Access to public parks, drinking fountains, and clean public drinking water in the Bay Area is not driven by income

(1) The Bay School of San Francisco, San Francisco, California, (2) University of California, Berkeley

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Access to green space—an area of grass, trees, or other vegetation set apart for recreational or aesthetic purposes in an urban environment—and clean drinking water can be unequally distributed in urban spaces, which are often associated with income inequality. Little is known about public drinking water and green space inequities in the Bay Area. For our study, we sought to understand how public park access, drinking fountain access, and the quality of public drinking water differ across income brackets in the Bay Area. We hypothesized that there would be a significant positive correlation between income and the number of drinking fountains, the number of parks, and drinking fountain water quality. For each Bay Area sub-region, we analyzed water samples from four drinking fountains from four different ZIP codes, and recorded the number of parks and fountains in relation to income for eight different ZIP codes. On a large scale, water quality, determined by presence of chemical compounds and other contaminants, was generally high, and there was no significant relationship between income and fountain access, and income and fountain water quality. Though we observed smaller-scale instances of inequalities, in the park distribution in the Bay Area as a whole, and in the Southern Bay’s water quality and park distribution, our results indicate that other factors could be influencing water quality, and park and fountain access in the Bay Area.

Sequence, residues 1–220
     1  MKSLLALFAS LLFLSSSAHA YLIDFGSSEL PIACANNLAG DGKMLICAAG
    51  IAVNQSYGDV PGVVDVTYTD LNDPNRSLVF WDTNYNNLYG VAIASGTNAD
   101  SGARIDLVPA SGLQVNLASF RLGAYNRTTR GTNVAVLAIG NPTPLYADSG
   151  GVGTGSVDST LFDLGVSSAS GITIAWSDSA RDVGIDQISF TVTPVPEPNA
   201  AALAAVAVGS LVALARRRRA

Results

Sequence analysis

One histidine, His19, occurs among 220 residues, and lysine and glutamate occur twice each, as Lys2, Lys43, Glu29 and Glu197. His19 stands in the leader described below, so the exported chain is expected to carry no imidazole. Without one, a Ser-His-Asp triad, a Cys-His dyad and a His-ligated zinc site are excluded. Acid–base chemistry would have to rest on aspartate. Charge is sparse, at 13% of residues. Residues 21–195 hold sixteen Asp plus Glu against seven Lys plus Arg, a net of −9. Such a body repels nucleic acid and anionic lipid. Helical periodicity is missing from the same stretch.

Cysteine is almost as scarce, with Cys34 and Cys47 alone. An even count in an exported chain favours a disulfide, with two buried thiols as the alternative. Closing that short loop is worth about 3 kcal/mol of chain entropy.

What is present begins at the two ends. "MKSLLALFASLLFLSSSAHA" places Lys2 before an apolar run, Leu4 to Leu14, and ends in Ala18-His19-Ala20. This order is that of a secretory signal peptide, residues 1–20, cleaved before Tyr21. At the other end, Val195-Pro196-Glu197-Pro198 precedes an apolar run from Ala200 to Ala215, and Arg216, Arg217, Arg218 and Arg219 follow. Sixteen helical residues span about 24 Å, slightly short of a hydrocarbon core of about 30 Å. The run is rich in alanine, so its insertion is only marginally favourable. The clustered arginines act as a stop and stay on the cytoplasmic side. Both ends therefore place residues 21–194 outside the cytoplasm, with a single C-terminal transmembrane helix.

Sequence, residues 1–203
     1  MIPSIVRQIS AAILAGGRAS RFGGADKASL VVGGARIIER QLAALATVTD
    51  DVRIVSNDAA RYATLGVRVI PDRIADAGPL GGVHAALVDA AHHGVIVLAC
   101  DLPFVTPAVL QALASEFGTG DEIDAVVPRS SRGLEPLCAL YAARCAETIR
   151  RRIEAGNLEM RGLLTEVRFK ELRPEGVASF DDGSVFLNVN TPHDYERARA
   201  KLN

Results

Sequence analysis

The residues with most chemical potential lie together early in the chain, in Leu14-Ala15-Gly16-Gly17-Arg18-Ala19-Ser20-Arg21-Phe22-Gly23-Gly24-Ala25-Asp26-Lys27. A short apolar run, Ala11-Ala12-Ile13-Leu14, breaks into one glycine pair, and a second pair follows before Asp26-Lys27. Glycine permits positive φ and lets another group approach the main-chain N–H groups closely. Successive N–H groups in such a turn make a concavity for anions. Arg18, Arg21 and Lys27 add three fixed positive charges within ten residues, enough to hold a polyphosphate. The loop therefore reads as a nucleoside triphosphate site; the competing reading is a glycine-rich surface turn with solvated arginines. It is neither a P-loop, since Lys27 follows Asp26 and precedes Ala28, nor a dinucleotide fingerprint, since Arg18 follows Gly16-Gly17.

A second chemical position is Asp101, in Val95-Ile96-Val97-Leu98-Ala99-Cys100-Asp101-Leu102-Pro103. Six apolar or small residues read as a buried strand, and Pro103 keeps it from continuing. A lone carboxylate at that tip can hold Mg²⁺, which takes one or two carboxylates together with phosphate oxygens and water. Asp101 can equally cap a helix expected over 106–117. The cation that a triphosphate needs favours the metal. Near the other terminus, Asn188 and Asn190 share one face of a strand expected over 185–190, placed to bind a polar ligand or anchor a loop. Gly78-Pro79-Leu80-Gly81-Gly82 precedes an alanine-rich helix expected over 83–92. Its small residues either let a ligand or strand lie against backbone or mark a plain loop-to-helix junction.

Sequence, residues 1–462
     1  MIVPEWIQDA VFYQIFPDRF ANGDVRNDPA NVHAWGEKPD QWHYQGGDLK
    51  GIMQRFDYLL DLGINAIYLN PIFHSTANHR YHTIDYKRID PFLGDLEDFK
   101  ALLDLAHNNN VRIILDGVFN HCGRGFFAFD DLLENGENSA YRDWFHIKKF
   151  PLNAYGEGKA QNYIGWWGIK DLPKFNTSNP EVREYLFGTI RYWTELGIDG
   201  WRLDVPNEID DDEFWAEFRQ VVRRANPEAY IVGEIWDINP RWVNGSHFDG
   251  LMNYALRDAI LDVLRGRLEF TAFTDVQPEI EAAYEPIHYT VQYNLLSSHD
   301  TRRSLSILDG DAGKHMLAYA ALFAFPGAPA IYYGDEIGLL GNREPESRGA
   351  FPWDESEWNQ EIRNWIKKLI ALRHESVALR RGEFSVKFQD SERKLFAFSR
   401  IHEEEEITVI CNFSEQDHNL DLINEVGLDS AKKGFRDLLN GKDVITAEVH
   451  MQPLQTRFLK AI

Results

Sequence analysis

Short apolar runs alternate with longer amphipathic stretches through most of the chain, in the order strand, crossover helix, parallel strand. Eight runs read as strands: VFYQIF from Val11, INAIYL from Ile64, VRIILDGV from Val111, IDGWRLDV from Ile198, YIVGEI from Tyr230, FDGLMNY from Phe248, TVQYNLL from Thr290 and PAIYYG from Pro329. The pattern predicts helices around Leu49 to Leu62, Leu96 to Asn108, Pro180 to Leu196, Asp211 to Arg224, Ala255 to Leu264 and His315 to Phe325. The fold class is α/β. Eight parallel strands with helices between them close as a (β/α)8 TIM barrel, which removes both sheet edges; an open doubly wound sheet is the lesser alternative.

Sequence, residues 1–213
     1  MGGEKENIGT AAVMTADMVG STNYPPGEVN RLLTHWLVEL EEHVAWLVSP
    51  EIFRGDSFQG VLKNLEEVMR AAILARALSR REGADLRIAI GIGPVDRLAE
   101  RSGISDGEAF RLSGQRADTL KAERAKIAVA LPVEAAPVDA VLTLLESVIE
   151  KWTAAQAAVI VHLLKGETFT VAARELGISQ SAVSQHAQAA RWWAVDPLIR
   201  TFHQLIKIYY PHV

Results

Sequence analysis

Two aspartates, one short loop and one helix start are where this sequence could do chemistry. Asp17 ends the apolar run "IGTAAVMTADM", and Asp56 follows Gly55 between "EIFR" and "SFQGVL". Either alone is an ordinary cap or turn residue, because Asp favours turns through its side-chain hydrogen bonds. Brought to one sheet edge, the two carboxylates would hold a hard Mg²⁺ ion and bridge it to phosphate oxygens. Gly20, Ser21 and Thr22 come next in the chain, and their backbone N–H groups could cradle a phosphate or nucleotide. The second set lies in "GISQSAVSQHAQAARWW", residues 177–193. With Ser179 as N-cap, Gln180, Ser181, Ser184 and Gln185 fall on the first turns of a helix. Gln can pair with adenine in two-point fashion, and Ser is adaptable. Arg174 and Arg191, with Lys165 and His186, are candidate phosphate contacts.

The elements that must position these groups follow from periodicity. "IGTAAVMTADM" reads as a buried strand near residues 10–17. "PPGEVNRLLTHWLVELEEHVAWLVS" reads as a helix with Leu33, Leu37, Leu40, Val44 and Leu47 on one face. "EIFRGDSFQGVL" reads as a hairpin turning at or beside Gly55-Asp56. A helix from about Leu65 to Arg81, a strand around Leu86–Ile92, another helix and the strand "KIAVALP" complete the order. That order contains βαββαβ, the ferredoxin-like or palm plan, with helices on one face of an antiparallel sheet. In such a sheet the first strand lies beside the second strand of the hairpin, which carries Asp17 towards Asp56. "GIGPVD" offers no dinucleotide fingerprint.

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public water green space access equality public parks income